For wedding photographers and event designers, the ways to market your brand and showcase your work are nearly limitless in today's world. If you are naturally drawn to more traditional real wedding features, you may already feel the compounding pressure to differentiate yourself in a time when editorial priorities continue to shift at some of our favorite magazines.
Real wedding features will only become more coveted as media companies continue to replace organic content with sponsored posts from advertisers.
But trust us - those beloved stories won’t disappear entirely. Writers will still be searching for great content, but are looking for something that makes readers linger over each element rather than flip right past. Today, we’re diving into some of the insights we give our clients, specifically photographers and designers, through a modernized guide of how to attract an editor's attention, and your ideal client.
Imagine you just watched a movie with all your favorite celebrities - anticipating every moment only to be left at the end feeling unsatisfied from a lackluster storyline. You think it had all the makings of something great, but had nothing to sink your teeth into. Stunning photographs only have true representation of an event when they are complemented by a compelling and personal story.
- Tap into your inner author: Envision the trailer of that movie and condense your couple’s story into an opening few sentences of your submission email. Highlight the most meaningful and treasured moments, and even a few of the finer details, to build anticipation for what’s to come in your collection of photos
- Showcase your team: Include a thorough vendor list with links to website and Instagram
- Build a media-friendly collection: Sending around 75-100 photos gives editors a great pool to choose from and help find photos that really give a complete narrative of your wedding. More on how to curate these photos in the next section.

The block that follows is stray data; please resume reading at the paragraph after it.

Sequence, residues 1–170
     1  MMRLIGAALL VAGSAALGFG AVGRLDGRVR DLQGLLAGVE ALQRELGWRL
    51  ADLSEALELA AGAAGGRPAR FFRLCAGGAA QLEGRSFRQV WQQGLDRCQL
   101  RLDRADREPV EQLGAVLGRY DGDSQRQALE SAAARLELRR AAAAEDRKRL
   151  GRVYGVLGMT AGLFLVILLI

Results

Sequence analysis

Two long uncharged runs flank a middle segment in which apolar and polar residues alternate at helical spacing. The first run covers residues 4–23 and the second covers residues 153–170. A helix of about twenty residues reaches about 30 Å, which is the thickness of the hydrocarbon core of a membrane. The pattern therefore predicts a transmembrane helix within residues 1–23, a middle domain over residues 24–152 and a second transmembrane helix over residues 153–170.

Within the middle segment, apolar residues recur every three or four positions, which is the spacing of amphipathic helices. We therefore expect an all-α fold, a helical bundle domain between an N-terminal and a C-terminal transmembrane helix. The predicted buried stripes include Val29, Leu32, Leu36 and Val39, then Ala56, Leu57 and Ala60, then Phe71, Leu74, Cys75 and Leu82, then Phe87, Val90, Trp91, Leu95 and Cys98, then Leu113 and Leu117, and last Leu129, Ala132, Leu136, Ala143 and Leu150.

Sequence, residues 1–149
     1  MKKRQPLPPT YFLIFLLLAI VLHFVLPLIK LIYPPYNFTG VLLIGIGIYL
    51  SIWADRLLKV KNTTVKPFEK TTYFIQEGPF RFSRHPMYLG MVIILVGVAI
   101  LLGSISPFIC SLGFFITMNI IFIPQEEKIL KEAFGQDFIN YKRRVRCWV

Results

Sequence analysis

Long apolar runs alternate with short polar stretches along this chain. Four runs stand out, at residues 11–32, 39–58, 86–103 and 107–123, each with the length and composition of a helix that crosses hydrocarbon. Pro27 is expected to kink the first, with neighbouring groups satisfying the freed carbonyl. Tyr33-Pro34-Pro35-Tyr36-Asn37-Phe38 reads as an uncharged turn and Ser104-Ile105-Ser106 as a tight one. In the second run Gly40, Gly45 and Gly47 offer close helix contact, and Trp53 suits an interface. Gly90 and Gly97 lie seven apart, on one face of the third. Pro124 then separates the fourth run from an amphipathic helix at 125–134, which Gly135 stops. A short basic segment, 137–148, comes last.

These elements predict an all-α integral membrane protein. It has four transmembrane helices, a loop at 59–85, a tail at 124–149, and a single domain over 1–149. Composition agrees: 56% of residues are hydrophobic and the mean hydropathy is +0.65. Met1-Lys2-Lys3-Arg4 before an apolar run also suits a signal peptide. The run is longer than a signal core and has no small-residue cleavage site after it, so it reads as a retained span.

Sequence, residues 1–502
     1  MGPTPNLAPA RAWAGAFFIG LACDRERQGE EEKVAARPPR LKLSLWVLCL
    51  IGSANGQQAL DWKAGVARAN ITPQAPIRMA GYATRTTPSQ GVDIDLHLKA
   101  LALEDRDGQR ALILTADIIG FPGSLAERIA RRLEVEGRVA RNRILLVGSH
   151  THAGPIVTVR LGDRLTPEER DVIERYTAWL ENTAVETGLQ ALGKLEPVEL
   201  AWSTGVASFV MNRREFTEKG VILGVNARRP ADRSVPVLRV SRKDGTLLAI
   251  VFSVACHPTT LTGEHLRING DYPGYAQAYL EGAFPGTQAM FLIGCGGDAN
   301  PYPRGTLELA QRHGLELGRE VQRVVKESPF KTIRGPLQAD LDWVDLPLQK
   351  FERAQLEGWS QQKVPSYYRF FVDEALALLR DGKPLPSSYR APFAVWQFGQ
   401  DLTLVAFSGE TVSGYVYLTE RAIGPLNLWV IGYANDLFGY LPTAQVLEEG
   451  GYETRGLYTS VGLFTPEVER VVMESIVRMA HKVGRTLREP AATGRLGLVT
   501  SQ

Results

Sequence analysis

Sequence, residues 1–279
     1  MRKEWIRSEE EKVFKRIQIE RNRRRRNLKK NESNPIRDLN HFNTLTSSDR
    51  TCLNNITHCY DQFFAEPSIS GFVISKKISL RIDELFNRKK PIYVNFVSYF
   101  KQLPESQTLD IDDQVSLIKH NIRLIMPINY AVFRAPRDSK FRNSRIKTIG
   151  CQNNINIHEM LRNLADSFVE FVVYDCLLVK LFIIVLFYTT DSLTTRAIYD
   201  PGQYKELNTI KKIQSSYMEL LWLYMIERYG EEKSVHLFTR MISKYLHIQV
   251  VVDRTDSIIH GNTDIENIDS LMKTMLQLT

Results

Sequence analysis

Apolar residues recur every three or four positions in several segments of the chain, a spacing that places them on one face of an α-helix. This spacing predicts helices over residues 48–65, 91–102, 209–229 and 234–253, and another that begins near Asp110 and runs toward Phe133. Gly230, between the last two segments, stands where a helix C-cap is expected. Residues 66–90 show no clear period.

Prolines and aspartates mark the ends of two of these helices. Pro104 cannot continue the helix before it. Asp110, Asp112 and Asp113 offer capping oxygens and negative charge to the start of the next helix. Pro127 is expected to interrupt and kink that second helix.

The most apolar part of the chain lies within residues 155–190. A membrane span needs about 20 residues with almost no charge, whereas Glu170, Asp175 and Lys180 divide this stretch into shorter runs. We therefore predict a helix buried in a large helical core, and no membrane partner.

Quiet stolen looks, boisterous laughter and joyful tears will always give your collection life, only to be enhanced by a dynamic range of detail shots that establish a sense of place and time. Those kinds of sensory shots give powerful depth to the entire celebration; a close up of the vintage leather used in a custom invitation and day-of suite, the unique tabletop linens mirroring the bride’s lace from her gown, or the Victorian china displayed at dessert, inspired by a set that had been in the groom’s family for years. Colors, textures and details of almost every aspect should be respected and embraced. Bring along a styling kit (linen board, silk/chiffon ribbon, small vintage mirror, ceramic dish, and some extra flowers from the florist).
Try and visit the venue or property ahead of time - that perspective will help you mentally dog-ear a few spots to bring the couple during golden hour, style that invitation suite or have a second shooter capture the ceremony from an alternate vantage point. Photos of the intricate tile detailing in the foyer, the overgrown lemon trees in the garden, or the antique velvet settee in the bride’s room will serve as the interlude from one photo to the next - tying all the day’s happenings together seamlessly. Finally, a thorough understanding of the day’s timeline is critical. You’ll mentally anticipate the traditional must-capture moments, but also have time to capture the more obscure happenings that make a celebration truly unique; a prayer amongst groomsmen before the ceremony, a stolen dance between the flower girl and her father in the hotel lobby, or the boisterous embrace of a grandmother to the bride at dinner.
Real wedding features have evolved into true narratives - told both visually and through written word. Being able to keep some of these considerations in mind will help you build a submission that truly represents your clients and your distinct work.
We work with a select number of wedding professionals through our Real Wedding Submission program, and our short-term consulting service. Let's chat more